Where a nursing home patient’s daughter executed the admission paperwork and arbitration agreement, but the power of attorney the patient had previously executed in favor of her daughter specifically excluded the power to make health care decisions, the arbitration agreement was not enforceable.
In Jones v. Allenbrooke Nursing and Rehabilitation Center LLC, No. W2019-00448-COA-R3-CV (Tenn. Ct. App. Dec. 16, 2019), plaintiff’s mother executed a power of attorney (“POA”) in favor of her daughter in 2007. The POA granted plaintiff power to handle certain property and business transactions, but it specifically stated: “This document does not authorize anyone to make medical or other health care decisions for you.” In 2013, the mother was suffering from dementia and was incompetent, so plaintiff executed nursing home admission documents in connection with having the mother admitted to defendant nursing home. Included in these documents was an arbitration agreement.
In 2016, the mother fell while under the care of defendant nursing home. Plaintiff, as next friend, brought this suit for ordinary negligence and violations of the HCLA. Defendant filed a motion to compel arbitration based on the signed arbitration agreement, which the trial court denied, and the Court of Appeals affirmed.
The Court of Appeals began its analysis by rejecting defendant’s argument that the trial court erred by failing to apply the Federal Arbitration Act to the issue of whether the arbitration agreement was enforceable. The Court noted that this exact argument was rejected in Edwards v. Allenbrooke Nursing & Rehabilitation Center, LLC, 2017 WL 4861658 (Tenn. Ct. App. Oct. 26, 2017), in which the Court found that “the trial court must resolve any issue questioning the formation of the parties’ arbitration agreement.” The Court quoted from Edwards, noting that “when a party claims it never concluded an agreement at all, it is for the court, not the arbitrator, to determine whether the parties agreed to the arbitration provision upon which the party seeking arbitration relies.” (internal citation omitted).
Next, the Court looked at whether plaintiff had the authority to bind her mother to an arbitration agreement. The Court specifically noted that the POA was the only form signed by the mother and that no separate healthcare power of attorney had been executed. While the POA in question mentioned “broad powers,” it went on to enumerate specific areas, including “real estate transactions, banking transactions, and claims and litigation.” Moreover, the POA specifically excluded the power to make health care decisions. Defendant argued that the arbitration agreement would fall under “claims and litigation,” but the Court of Appeals looked to a previous Tennessee case which held that a decision to admit a person to a nursing home is a health care decision. (internal citation omitted). Further, the arbitration agreement at issue here “explicitly states that the parties ‘agree that the signing of this Agreement, both by itself and in conjunction with the corresponding admission and receipt of services, is a healthcare decision.’” Based on the language of the POA and the arbitration agreement, as well the cited Tennessee case, the Court held that “[b]ecause the execution of the Agreement was a healthcare decision, we conclude that [plaintiff] did not have the authority to bind [her mother] to the Agreement.”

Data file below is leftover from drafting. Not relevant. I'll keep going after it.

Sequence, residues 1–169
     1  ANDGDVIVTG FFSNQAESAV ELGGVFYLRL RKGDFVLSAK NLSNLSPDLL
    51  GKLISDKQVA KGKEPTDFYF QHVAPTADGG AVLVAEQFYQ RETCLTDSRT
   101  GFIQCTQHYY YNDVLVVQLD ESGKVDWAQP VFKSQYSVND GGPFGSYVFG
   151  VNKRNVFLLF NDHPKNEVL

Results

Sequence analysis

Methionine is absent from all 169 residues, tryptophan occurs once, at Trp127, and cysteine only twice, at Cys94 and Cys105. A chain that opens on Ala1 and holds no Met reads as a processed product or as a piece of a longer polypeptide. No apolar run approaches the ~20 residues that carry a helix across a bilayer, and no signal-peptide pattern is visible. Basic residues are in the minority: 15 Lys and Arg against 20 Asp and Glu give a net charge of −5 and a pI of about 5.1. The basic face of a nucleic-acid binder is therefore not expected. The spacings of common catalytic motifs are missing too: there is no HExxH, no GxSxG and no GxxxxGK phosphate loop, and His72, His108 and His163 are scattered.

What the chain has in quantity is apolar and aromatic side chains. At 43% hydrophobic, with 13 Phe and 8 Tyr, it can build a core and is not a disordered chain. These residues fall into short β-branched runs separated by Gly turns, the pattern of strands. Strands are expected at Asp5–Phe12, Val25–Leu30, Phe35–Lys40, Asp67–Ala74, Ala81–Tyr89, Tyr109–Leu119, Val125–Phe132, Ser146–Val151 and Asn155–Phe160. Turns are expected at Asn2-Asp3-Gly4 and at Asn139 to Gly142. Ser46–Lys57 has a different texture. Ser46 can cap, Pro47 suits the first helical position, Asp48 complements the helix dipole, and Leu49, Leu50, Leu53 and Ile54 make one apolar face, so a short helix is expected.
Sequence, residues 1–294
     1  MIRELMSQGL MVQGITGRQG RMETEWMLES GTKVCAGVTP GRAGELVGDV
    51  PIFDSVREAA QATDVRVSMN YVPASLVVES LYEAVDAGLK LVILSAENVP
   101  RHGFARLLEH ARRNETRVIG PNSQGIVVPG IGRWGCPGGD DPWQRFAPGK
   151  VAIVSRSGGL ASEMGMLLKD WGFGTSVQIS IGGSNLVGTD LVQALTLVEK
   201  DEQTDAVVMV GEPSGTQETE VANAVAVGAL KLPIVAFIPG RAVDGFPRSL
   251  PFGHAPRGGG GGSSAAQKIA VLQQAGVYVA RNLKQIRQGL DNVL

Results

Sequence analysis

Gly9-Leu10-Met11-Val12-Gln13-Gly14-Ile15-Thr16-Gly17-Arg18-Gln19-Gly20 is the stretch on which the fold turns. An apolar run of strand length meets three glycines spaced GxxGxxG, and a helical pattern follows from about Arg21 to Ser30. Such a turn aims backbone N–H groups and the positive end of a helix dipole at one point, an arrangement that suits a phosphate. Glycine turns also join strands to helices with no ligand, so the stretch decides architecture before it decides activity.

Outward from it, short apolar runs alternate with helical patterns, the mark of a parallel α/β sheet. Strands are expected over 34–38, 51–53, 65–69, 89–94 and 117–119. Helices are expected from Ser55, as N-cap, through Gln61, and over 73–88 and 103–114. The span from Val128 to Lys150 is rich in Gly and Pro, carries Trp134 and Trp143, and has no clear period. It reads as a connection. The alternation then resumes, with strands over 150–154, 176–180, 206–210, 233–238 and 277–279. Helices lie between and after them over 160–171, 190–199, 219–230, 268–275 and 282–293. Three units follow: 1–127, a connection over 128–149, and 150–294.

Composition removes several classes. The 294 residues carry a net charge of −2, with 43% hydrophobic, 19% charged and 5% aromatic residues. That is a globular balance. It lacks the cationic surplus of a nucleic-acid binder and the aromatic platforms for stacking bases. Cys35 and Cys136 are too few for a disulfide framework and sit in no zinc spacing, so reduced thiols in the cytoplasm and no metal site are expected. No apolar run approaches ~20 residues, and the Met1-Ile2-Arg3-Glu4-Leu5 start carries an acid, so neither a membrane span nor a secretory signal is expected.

Defendant argued that plaintiff had the apparent authority to enter into the arbitration agreement, but the Court noted that it had previously rejected this argument in a similar case. (see Barbee v. Kindred Healthcare Operating, 2008 WL 4615858 (Tenn. Ct. App. Oct. 20, 2008)). “Apparent authority may be found only where the principal himself by his acts or conduct has clothed the agent with the appearance of authority.” (quoting Barbee). Here, at the time the arbitration agreement was signed, the mother was incompetent. The Court accordingly found that “[a]s such, she could not have clothed [plaintiff] with the appearance of authority to make healthcare decisions on her behalf.”
Defendant’s final argument was that the agreement was actually between plaintiff and defendant and that the mother/patient was a third-party beneficiary, so the arbitration agreement should be enforced. The Court noted that it had rejected this exact argument in a previous case, where it ruled that “[t]hird party beneficiary concepts should not be used to circumvent the threshold requirement that there be a valid arbitration agreement.” (internal citation omitted).
Having rejected all of defendant’s arguments, the Court held that plaintiff did not have the authority to bind her mother to the arbitration agreement and affirmed the trial court’s denial of the motion to compel arbitration.
This is a notable case, as arbitration agreements are fairly standard parts of nursing home admission paperwork. As it is not uncommon for a person being admitted to a nursing home to be incompetent at the time, it will be interesting to see if the result in this case changes the way nursing homes approach this issue.
NOTE: to aid lawyers in giving clients guidance about how long it takes to receive an opinion after oral argument in the appellate courts, we are going to start sharing that information with readers. Please understand that the length of time that elapses between oral argument and the date the opinion is released is dependent on a multitude of factors, not the least of which is the complexity of the issues presented. In this case, the opinion was released about four weeks after oral argument.